About the Wine Institute and service on the Board of Directors, Trinchero said “we support the Wine Institute at this time because it is the oldest and strongest voice that we have.” He modified this by saying the Institute needs to get together with the other states (44 have wineries now) and create a national council of wine-producing states.


The 1993 edition of World Drink Trends, published by NTC Publications Ltd., is 128 pages and includes more than 7,000 statistics and covers 49 countries.

Its research shows that nearly without exception, consumption of licensed beverages has fallen worldwide during the past few years. Italy declined the most, 35% from 1990-91, compared with an overall decrease of 15% in Western Europe for the same period.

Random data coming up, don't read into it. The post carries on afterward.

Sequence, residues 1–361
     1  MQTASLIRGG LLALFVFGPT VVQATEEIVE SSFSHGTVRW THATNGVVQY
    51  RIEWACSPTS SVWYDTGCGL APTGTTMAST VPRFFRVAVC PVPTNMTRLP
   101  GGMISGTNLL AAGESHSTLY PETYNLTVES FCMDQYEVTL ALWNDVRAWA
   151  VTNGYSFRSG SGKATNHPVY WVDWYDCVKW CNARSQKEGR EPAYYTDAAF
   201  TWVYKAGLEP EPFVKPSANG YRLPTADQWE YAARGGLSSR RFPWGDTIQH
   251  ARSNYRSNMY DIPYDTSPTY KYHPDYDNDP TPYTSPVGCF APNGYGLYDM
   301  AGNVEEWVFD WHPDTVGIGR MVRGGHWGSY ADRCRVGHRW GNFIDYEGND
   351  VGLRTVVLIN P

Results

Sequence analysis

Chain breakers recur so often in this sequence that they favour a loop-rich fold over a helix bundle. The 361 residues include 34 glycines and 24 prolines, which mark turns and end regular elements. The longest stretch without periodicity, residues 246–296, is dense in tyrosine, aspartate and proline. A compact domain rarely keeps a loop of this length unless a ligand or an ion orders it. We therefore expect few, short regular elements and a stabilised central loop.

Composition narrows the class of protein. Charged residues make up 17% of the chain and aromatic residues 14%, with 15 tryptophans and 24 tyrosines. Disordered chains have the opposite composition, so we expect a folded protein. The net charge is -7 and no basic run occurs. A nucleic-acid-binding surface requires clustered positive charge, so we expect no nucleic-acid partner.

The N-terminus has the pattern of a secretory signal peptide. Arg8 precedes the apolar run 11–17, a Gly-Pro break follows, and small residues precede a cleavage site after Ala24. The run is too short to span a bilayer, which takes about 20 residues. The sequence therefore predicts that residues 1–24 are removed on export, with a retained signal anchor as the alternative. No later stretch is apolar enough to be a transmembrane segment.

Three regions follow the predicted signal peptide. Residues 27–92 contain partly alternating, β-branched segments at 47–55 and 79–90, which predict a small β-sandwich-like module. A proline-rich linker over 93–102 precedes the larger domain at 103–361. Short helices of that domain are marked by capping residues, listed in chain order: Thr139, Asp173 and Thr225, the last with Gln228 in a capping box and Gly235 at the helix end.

The United Kingdom ranked 25th in wine consumption, 22nd for spirits and 10th for beer. Wine consumption in the U.K. rose 300% between 1970 and 1991.

The leading gainer in licensed beverage consumption was Brazil as consumption rose more than 414% from 1970-91. In ’91 Brazilians downed 42 liters of beer, 1.3 liters of spirits and not quite two liters of wine per capita.

The reference work is 25 pounds, plus packaging and postage, from NTC Publications Ltd., Farm Road, Henley-on-Thames, Oxfordshire, RG9 IEJ, United Kingdom.

COPYRIGHT 1993 Hiaring Company

COPYRIGHT 2004 Gale Group